However, if you do not install the Update Suite, there is one software tool you need that is part of that suite. This is the mDNS service. A lesson on mDNS will be added, but for now just know that it is a needed component for communication with the RoboRio. mDNS is installed as part of the Update Suite or is already present on your PC if you have iTunes installed. If you do not have iTunes, you can install the Apple BonJour service (which is mDNS by another name) manually from here.

When you have completed the Java SDK, Eclipse and WPILib plugins and mDNS installations you are ready to ready to take a closer look at using Java to program the RoboRio control system.

 

Navigation:

Overview: 
Introduce the main concepts, hardware and software components of the RoboRio control system.
Objectives: 

Understand the main concepts and the hardware and software components of the RoboRio robot control system.

Content: 

This lesson is the first in the "off ramp" Unit for RoboRio programmers. This Unit contains a detailed exploration of writing Java programs for the RoboRio. Don't forget to complete the rest of the Java curriculum starting with Unit 12.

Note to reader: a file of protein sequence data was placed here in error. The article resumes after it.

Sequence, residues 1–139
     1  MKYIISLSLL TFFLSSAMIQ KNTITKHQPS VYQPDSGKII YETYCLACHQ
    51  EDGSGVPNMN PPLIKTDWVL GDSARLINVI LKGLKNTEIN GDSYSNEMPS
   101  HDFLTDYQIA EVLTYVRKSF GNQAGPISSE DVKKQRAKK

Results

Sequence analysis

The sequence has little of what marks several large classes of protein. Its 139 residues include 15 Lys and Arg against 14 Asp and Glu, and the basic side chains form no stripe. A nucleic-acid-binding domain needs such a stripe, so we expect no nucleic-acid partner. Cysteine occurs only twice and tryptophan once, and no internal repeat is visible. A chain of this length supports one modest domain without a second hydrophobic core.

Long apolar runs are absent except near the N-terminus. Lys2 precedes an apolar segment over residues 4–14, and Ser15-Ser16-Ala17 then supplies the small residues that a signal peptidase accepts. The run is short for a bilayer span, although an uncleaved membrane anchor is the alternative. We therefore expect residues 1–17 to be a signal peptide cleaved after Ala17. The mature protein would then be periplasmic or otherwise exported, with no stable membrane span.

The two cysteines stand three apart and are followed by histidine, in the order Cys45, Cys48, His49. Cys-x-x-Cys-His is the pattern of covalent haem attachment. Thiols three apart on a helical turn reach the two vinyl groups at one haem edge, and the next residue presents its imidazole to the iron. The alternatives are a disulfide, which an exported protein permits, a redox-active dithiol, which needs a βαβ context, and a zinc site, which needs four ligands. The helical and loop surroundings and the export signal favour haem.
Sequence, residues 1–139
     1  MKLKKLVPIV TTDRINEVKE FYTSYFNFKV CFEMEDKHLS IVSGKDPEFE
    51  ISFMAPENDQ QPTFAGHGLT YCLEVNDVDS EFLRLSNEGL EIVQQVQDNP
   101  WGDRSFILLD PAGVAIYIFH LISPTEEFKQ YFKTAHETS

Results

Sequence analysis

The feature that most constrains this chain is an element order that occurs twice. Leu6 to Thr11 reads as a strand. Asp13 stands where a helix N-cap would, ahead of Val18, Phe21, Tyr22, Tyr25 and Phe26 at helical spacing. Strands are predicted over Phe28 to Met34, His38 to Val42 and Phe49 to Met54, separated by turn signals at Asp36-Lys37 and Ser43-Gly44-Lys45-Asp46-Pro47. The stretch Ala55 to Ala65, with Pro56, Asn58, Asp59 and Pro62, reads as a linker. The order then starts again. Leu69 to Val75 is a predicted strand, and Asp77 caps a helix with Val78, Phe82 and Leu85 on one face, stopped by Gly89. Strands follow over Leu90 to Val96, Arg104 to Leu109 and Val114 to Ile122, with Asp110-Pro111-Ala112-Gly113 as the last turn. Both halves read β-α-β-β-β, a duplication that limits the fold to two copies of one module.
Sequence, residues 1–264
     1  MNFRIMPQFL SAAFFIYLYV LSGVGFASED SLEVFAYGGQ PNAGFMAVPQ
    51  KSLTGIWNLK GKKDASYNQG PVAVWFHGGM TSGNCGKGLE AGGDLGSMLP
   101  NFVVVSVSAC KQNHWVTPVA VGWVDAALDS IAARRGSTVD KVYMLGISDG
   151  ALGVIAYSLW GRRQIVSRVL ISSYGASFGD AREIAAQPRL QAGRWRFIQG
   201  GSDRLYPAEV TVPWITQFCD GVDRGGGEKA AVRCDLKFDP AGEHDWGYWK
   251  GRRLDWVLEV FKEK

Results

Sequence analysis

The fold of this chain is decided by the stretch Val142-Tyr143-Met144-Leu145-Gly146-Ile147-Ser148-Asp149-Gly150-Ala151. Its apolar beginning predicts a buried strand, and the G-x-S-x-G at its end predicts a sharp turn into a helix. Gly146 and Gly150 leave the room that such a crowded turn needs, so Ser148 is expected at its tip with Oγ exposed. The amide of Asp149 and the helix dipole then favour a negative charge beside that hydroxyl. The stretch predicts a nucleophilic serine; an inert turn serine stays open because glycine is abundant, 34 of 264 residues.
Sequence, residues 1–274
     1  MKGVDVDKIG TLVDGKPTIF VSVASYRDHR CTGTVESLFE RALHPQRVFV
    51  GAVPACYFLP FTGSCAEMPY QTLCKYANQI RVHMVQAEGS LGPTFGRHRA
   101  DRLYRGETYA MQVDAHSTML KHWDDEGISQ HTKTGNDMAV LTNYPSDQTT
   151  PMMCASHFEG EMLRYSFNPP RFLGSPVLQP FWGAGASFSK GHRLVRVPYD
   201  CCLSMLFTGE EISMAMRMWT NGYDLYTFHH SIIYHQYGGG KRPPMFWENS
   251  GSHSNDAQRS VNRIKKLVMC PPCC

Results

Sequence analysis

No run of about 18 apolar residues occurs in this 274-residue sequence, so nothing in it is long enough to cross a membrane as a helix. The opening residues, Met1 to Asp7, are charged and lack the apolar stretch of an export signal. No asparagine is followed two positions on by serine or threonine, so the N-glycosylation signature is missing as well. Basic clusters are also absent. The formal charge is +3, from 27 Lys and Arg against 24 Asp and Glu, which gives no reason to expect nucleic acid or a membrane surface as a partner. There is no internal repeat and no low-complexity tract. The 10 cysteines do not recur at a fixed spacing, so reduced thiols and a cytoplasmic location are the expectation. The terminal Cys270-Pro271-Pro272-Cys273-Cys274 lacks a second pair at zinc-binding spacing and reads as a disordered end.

We have been learning a lot about the Java programming language. Now its time to explore how we actually write, compile and deploy Java programs for the RoboRio (FRC) robotics control system.

RoboRio based robots use a far more complex control system than the EV3 (FLL) based robots but is similar to Tetrix (FTC) robots. At the FRC level robots engage in autonomous activity, that is, not under the control of a human, just like EV3/Tetrix robots do. However, autonomous activity is a relatively small part of the match that is played in competition. The larger portion of match time is teleoperated activity, that is, the robot is under remote control by human players. As such, the control system consists of three hardware devices, a robot controller device, a robot attached wireless router (also called the radio) and a driver station PC. The controller and driver station PC are connected over a WiFi network created by the wireless router. Your code development PC may be the same PC as the driver station or a different PC. A different PC is recommended.